There are an array of reasons for selecting modern manufactured housing, perhaps most notably a new HUD Code manufactured home. Despite Dave Ramsey’s controversial and disputed view, Manufactured Home Living News exclusively reported in 2018 the rationale from Florida Atlantic University (FAU) Economist Professor Ken Johnson’s thinking in on the investing value in buying an affordable manufactured home in a report linked here.
There has also been the oft-referenced by MHProNews and MHLivingNews research by Certified Business Economist (CBE) Scholastica “Gay” Cororaton for the National Association of Realtors Realtor University publication reported and unpacked in various reports such as the one linked here.
Even that brief backdrop and linked related reports are enough to set the stage for the step-by-step, evidence-based rationale that personal finance and wealth advisor Jeff Rose published on right-of-center Forbes on August 6, 2020. While Rose wasn’t plugging manufactured housing per se, he specifically cites the manufactured home option for those who are fleeing cities and are looking for a good, cost-effective option in rural areas. It should be noted that others have referenced this emerging trend of leaving the cities for suburbs and exurbs, some of whom have cited the upside potential for manufactured housing from this developing metro-exodus.
Following Rose’s report will be a additional MHProNews analysis and commentary. His manufactured home comments come under the subheading of limited housing supply. The illustrations are provided by MHProNews, MHLivingNews, or Inside MH, and as shown.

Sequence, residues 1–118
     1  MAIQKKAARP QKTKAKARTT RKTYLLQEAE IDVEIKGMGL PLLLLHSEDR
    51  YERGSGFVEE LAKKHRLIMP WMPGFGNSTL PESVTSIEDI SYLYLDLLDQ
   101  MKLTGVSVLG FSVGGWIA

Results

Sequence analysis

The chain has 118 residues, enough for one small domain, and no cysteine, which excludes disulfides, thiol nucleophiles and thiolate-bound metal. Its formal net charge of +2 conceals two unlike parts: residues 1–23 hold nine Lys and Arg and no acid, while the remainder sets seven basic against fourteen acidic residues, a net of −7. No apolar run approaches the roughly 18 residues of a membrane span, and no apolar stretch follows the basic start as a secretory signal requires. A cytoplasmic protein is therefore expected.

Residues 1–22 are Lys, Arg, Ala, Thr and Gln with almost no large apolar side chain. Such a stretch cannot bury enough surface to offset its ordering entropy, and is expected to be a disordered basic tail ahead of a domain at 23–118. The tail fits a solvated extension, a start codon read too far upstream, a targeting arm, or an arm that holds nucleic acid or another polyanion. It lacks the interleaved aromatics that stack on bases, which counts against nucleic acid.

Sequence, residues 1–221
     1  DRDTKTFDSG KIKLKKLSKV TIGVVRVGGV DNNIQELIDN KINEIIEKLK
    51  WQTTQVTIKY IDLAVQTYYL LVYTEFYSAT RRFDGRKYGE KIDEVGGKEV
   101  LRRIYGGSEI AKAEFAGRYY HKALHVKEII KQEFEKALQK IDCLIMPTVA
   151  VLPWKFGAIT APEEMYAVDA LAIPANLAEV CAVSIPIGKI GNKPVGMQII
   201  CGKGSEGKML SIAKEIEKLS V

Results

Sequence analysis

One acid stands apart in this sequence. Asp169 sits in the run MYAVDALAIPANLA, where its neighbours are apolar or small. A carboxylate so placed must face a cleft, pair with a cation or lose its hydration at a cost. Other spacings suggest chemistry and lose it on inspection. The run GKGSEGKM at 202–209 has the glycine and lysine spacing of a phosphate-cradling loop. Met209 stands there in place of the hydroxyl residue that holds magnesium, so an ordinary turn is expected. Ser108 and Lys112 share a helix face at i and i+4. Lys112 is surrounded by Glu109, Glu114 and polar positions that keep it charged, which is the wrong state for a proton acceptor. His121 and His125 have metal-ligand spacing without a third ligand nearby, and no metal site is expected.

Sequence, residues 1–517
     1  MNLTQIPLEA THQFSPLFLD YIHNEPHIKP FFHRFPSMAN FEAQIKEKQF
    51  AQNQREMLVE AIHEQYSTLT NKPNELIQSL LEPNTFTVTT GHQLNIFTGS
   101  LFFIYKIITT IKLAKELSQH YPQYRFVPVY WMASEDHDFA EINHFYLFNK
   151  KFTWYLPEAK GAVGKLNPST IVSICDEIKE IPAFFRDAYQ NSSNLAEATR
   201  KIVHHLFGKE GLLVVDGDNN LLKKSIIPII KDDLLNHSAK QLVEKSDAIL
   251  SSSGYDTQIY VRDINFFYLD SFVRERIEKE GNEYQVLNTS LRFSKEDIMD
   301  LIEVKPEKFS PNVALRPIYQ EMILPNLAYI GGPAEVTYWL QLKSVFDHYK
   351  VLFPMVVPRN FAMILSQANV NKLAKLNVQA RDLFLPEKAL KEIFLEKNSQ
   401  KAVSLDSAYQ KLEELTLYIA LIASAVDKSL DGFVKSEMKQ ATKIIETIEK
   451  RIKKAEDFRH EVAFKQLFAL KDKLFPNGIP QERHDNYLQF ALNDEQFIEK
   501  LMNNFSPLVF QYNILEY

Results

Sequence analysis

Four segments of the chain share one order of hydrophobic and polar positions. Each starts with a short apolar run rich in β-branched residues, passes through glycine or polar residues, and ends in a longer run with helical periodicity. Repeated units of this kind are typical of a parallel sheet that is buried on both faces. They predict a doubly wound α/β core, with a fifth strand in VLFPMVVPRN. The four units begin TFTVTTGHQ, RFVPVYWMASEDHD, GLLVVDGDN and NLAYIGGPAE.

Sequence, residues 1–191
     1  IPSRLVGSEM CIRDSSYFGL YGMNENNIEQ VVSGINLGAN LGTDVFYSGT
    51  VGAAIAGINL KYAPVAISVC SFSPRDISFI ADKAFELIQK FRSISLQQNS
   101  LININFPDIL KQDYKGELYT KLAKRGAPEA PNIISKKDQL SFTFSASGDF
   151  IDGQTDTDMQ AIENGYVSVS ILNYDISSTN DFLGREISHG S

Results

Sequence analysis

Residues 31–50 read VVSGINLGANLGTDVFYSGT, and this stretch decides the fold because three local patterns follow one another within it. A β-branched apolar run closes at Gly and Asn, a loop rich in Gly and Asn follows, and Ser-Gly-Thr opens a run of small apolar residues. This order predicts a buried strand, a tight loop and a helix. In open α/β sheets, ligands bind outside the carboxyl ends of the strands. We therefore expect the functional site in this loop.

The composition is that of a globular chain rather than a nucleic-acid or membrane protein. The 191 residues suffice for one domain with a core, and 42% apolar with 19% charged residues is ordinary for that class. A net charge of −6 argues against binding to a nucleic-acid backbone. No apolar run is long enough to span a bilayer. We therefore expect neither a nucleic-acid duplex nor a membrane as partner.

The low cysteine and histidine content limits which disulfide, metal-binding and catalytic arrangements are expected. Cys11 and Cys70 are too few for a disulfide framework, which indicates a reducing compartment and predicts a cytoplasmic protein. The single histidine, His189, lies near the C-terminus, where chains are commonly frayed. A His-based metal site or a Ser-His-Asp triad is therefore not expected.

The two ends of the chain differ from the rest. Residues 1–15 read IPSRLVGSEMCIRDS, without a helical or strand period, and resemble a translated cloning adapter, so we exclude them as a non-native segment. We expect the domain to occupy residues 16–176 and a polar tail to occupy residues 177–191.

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There’s been anecdotal evidence of urban Americans moving out of the big cities and metropolitan areas en route to rural locations. But is it really happening? As it turns out, hard evidence is in short supply – or maybe it’s just too early to tell.
Realtor.com’s Market Hotness rankings for May indicates that out of nearly 20,000 ZIP Codes nationwide, urban ZIP Codes had a median improvement of 87 spots, suburban ZIP Codes had 404, but rural ZIP Codes experienced a median jump of 846 spots. Those rankings however do not necessarily represent actual sales. Instead, they track the number of page views for property listed on the website, and the number of days a listing remains active.
Whether that qualifies as a wholesale exodus from city to rural locations, and is supported by sales data, remains to be seen. But there’s little doubt the advent of COVID-19 has cast a new focus on the shift from cities to rural areas. If it is in fact happening, it’s an event unprecedented in American history. It will be a reversal of the centuries long trend of people moving from rural areas to cities and suburbs.
And if nothing else, it may be fun to contemplate possibility. After all, who hasn’t at least considered exiting the big city or the conformity of suburbia in favor of a more relaxed lifestyle in the country?
But how strong are the fundamentals supporting a shift to rural America? And what are the advantages and challenges such a move will present?
Does Moving to a Rural Area Make Sense?
No matter how exciting or romantic making a lifestyle change seems to be, it ultimately always comes down to the mechanics of making it work. Fortunately, there are plenty of compelling reasons to relocate to rural America, especially in light of COVID-19.
Fewer People Equals Less Infection Potential
According to the United Nations, 90% of reported coronavirus cases worldwide are concentrated in urban areas. That’s certainly been the case here in the US, where major cities like New York, Chicago, Boston, Los Angeles, San Francisco, Houston, Dallas and Miami have been COVID-19 epicenters.
That outcome is hardly surprising. Greater population density makes social distancing float somewhere between difficult and impossible. This is especially true since there are large concentrations of people in offices, apartment complexes, public transportation, retail centers, gymnasiums, schools, hospitals, hotels and other public venues.